Peter Bye

Four days after the EU referendum in 2016, I posted a piece in which I reflected on some of the problems the UK would face in building a new relationship with Brussels[1]. I had no special insight; what I said just seemed to me to be fairly obvious. For example, I believed that negotiations with the EU would be tough, and that ‘the chances of getting anything close to what we currently have but with immigration controls and no subscription are a fantasy. At this stage, we need the EU members more than they need us’. In other words, we couldn’t have our cake and eat it, which was Boris Johnson’s stated ambition at the time. I also noted that ‘Mr Johnson’s primary motivation for embracing the Leave campaign appears to be his ambition to be Prime Minister. It is after all strange that the person who was Mayor of London, one of the most pro-EU parts of the country, should adopt the opposite point of view’. It took him a while but he eventually made it to PM.

The EU has indeed proved to be a tough trade negotiator; after all, it held all the high cards in the talks. The best that can be said about the resulting agreement is that it is better than no deal. That has not stopped Mr Johnson and those around him from hailing the result as a success[2], although others disagree[3]. The trade agreement covers goods but not services, which make up about 80% of the UK economy. And the non-tariff barriers to trade thrown up by Brexit will cost business an estimated GBP 7 billion in bureaucracy[4]. Interestingly, that figure is not far short of the net contribution to the EU budget at the time of the referendum: it was between GBP 8 and 9 billion[5].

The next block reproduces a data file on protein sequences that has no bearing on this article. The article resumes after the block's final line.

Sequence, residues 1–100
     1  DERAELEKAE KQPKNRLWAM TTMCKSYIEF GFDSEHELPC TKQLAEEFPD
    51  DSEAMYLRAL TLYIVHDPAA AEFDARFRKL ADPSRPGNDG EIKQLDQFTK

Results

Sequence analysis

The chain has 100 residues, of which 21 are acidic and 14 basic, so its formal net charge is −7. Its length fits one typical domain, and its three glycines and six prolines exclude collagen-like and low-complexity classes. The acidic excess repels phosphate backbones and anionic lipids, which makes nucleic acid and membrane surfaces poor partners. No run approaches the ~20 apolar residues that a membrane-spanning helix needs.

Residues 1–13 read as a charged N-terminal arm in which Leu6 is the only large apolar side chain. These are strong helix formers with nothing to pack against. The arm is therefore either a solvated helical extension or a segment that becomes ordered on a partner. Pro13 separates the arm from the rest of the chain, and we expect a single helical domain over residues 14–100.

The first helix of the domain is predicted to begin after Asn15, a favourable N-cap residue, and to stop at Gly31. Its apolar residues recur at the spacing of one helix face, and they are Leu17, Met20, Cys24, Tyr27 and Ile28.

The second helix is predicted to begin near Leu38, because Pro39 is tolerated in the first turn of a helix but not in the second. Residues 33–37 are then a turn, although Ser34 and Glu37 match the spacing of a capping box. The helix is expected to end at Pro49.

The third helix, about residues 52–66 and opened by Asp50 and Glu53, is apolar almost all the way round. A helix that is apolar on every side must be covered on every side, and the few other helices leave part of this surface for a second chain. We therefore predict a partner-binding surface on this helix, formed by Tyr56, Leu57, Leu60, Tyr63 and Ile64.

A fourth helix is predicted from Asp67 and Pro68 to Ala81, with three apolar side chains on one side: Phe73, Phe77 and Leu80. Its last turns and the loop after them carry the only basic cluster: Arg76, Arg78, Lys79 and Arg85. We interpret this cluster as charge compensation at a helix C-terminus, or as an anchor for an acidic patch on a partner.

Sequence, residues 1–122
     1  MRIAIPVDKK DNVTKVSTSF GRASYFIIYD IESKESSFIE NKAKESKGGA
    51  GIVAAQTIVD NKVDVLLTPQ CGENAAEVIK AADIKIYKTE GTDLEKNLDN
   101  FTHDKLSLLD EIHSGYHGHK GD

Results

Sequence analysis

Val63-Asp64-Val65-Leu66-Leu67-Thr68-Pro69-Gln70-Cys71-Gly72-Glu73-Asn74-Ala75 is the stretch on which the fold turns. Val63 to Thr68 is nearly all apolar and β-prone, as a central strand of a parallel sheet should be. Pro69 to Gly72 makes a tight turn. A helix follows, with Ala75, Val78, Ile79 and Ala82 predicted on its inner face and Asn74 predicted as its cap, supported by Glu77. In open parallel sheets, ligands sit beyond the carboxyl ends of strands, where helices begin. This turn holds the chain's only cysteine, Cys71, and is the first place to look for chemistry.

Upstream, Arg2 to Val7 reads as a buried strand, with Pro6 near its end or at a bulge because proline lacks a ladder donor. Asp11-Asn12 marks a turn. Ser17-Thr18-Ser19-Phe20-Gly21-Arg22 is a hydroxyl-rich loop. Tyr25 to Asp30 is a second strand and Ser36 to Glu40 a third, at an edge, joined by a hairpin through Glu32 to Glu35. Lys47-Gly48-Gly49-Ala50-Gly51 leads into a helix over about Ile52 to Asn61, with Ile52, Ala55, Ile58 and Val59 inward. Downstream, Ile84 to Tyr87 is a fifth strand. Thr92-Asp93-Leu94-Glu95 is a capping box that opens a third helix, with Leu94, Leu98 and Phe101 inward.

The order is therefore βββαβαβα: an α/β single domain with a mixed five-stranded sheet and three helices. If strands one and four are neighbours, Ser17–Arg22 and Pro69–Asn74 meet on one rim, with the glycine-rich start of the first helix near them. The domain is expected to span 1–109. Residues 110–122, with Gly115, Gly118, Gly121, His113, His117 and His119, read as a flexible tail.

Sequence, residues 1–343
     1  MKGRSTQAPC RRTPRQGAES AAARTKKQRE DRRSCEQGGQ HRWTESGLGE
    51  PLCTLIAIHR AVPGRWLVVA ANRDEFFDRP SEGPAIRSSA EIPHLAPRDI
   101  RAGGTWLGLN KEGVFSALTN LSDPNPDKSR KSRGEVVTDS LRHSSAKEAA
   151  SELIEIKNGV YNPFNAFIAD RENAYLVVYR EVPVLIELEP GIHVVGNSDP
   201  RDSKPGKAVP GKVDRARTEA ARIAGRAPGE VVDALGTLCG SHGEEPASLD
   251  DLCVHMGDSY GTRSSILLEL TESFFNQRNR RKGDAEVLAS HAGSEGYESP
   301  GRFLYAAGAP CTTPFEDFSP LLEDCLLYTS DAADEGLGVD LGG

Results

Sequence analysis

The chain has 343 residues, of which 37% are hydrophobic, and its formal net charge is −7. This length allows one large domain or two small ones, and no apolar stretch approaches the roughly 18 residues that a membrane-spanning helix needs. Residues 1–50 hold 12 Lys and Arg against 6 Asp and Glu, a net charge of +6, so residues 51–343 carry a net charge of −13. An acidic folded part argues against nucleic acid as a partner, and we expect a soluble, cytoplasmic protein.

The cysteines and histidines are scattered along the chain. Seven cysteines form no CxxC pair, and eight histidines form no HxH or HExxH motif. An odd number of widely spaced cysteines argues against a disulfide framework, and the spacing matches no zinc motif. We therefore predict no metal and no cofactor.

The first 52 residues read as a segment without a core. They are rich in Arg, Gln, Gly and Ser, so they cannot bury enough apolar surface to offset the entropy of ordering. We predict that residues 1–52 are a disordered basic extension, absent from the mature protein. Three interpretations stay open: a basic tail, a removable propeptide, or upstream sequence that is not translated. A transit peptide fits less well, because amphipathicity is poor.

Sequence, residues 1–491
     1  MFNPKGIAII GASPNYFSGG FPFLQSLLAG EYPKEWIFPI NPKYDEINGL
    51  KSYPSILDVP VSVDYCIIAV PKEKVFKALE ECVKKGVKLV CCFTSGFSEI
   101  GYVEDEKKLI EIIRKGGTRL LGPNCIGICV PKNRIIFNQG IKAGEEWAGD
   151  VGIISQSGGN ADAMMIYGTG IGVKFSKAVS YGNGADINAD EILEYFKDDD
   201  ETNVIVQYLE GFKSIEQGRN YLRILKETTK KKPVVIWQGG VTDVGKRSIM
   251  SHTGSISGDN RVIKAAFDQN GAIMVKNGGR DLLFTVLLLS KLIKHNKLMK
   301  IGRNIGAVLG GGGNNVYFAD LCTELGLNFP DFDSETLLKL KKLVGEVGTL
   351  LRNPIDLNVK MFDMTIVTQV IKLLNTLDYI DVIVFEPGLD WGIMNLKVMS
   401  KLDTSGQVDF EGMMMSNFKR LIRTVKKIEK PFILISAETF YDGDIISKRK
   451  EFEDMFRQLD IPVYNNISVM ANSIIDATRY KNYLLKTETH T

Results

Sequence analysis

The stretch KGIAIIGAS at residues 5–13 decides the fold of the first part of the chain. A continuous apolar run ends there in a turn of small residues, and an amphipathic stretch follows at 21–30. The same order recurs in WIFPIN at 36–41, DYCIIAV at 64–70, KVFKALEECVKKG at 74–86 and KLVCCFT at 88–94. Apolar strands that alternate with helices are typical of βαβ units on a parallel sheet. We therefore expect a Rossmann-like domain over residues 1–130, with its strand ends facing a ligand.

In late July 2016, I posted a piece on the issue of sovereignty, a subject which appears to have overtaken immigration as the central concern of the Brexiteers over the years since the referendum. I’d like to revisit a couple of the points I made at that time[6]: sovereignty and security.

Start with sovereignty: how would the UK ‘regain’ it on leaving the EU? The UK, along with the remaining 27 members of the EU, is a sovereign nation in international law. The EU is an association of the member nations, not a sovereign nation or any other kind of nation in its own right. As a sovereign nation, the UK is a member of the UN with a permanent seat on the Security Council, a member of the G7 and G20, a member of NATO and of various other international organisations.

So talk of regaining sovereignty is meaningless, as the UK had never stopped being a sovereign nation. The impression that Mr Johnson and the ardent Brexiteers sought to make was that sovereignty means a complete absence of control by anyone else, in any circumstance. But to have trade relationships, or indeed any agreements with other countries or organisations, such as membership of NATO, requires observance of common rules, with an independent means of arbitration in the event of a dispute[7]. So unless the UK ends all international agreements, and becomes a sort of (benign, with a bit of luck) North Korea, it cannot have complete control.